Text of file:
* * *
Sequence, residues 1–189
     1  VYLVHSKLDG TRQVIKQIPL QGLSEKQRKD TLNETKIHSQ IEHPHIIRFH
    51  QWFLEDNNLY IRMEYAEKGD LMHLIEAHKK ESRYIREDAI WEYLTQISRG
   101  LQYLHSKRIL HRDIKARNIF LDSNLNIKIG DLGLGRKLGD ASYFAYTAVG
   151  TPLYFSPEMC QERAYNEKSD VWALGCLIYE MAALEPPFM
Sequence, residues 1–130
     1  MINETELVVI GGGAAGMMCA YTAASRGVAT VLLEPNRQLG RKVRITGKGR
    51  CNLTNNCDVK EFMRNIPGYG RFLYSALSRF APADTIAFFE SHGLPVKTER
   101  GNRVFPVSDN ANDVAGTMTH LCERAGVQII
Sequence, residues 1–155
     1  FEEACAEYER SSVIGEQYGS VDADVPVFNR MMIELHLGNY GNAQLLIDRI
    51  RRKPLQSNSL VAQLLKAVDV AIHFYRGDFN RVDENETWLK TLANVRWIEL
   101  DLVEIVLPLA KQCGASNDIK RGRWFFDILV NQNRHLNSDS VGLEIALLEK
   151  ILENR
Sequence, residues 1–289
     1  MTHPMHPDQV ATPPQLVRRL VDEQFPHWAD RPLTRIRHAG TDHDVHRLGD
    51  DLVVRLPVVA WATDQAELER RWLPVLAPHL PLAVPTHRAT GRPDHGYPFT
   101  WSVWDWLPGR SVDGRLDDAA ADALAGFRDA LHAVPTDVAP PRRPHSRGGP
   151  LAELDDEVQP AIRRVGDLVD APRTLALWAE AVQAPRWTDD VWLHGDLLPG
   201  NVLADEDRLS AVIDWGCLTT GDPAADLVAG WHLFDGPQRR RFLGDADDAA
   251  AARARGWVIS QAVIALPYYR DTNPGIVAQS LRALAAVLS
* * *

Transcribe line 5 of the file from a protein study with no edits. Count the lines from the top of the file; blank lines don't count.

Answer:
   151  TPLYFSPEMC QERAYNEKSD VWALGCLIYE MAALEPPFM